Headline writers may be wowed by the $41 billion announcement to fix medicare for a "generation," but really it barely amounts to a hill of beans. Spread over 10 years, the new deal adds $825 million in new money to Ontario health coffers this year, less than 3 per cent of the province's current health budget.
One way of looking at the prime minister's and the premiers' little deal is that they found a consensus on how much cash it was necessary to flash around to appease entrenched interests while giving the notion of motion.
The newly pledged federal monies to be added to provincial health budgets over the next 10 years won't restore medical service levels or reduce waiting times. Nor will it buy what former commissioner of medicare Roy Romanow called "transformative change" to steer health practices toward preventive medicine.
Listen for the sucking sound of that $825 million going to Ontario hospitals demanding $600 million to avoid drastic cutbacks, to Ontario doctors who've been stalling fee negotiations with the province until the feds coughed up and to nurses already lined up to bargain for overdue wage and shift improvements.
There's no mystery about how new funding for medical care gets spent or why new funding is chronically as good as gone the minute it's promised. The money follows entrenched groups with the power to exert what economists call "supplier-induced demand" or SID.
SID is what lawyers do when they write laws so only lawyers can understand them, what accountants do when they set up tax rules that only accountants can decipher, and what medical professions do when they control the gateway to health and we get medical financing that's just what the doctor ordered.
Licensed professionals have this knack for writing their own gold-plated full employment bills. When halls of justice dispense law, when education is about schooling, when transportation is about roads and when health is about medicine, governments and the public become dependent on licensed professionals who strong-arm the public for their now-necessary services. Nice work if you can get it.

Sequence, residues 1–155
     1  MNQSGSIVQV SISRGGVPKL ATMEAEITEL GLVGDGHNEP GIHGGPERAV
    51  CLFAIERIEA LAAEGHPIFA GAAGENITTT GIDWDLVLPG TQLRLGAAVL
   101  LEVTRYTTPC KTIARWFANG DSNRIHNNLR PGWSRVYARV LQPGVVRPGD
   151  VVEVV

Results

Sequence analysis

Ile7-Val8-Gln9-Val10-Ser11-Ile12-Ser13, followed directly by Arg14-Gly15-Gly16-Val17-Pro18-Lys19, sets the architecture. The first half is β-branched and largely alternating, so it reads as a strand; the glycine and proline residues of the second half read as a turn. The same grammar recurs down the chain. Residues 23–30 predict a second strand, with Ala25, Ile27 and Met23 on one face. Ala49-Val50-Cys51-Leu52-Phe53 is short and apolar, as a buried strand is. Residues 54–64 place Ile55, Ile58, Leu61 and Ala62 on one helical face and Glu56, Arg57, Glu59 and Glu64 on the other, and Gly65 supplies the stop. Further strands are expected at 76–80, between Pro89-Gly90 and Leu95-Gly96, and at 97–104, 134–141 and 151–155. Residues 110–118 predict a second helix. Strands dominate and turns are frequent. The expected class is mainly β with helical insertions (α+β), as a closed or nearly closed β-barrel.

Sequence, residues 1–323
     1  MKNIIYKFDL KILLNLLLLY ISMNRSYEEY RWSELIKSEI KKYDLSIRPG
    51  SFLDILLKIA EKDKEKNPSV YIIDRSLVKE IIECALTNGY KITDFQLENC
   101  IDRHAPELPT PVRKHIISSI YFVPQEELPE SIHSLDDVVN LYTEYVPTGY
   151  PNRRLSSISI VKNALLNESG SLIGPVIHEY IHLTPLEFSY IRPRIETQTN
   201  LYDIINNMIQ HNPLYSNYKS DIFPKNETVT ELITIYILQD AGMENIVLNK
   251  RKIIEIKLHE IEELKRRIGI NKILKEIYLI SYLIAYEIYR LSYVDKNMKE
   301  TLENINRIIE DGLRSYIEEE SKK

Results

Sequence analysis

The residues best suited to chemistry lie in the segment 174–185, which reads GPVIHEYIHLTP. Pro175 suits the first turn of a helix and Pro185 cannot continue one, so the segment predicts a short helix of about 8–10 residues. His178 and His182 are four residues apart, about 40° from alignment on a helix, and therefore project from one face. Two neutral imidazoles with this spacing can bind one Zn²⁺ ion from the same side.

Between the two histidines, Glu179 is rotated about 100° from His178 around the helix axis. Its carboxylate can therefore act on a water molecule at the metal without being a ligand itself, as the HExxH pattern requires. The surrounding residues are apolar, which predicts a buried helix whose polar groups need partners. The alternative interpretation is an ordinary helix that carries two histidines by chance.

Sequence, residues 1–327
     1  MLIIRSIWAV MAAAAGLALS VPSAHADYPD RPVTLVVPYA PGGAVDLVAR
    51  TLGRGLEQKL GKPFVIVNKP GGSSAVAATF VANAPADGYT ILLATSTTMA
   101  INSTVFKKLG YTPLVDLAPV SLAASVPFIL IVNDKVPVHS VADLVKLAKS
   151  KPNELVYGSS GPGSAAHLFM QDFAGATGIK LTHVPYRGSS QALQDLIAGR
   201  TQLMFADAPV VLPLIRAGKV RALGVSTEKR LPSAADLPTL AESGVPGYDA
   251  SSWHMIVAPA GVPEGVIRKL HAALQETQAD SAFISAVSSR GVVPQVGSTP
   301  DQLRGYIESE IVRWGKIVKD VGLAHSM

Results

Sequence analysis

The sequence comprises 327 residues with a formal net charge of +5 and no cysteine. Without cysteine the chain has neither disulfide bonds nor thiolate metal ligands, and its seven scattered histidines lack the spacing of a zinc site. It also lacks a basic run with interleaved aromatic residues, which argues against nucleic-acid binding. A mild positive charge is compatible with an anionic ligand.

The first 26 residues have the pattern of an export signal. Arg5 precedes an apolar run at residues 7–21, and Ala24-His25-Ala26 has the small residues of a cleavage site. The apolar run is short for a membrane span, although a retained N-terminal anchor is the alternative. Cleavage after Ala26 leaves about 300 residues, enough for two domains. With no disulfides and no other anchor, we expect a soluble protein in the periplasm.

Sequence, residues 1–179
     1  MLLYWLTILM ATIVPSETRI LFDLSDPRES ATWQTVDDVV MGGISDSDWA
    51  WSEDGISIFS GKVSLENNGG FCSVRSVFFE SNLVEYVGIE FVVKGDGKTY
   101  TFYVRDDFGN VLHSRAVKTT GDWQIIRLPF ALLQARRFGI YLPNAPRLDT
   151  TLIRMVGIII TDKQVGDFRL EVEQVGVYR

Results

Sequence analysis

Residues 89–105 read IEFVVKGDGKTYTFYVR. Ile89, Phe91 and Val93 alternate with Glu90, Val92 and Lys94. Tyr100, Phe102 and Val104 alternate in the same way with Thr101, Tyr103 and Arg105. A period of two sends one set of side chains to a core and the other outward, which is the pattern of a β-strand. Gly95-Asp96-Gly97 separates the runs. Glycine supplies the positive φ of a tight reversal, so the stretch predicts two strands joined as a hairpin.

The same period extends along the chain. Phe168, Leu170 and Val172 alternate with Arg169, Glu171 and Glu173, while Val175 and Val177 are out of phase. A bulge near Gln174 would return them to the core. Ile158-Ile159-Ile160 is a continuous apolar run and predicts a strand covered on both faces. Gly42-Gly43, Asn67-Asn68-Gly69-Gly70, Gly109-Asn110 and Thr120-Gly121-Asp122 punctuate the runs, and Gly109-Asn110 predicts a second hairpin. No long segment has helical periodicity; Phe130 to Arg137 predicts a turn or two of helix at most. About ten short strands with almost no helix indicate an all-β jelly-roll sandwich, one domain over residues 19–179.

There are virtually no economic counter-pressures to SID in the health field. Consumers lack the vital information needed to take their health dollars elsewhere and at any rate can't use medicare or drug plans to cover chiropractors, naturopaths or vitamin supplements. And the bracing winds of global free trade that ratchet down prices elsewhere don't operate well when people need neighbourhood caregivers and hospitals. Only inspired political leadership and high levels of public understanding can counter the pressures exerted by SID.
A cool look at where Canadian health care stands in the global setting (the figures are all there from a United Nations Development Program report released a few months ago) suggests that the crisis in Canadian health care that just had to be fixed for a generation in one set of meetings was either imagined or concocted.
The fact is, Canada is doing quite well. Canadians live longer than people in wealthier countries, including countries that spend more on medical care. We now enjoy 79.3 years, a nice add-on to the 73.2-year Canadian standard during the early 1970s. Infant mortality and child mortality rates are better than in wealthier countries, including countries that spend more on medicine.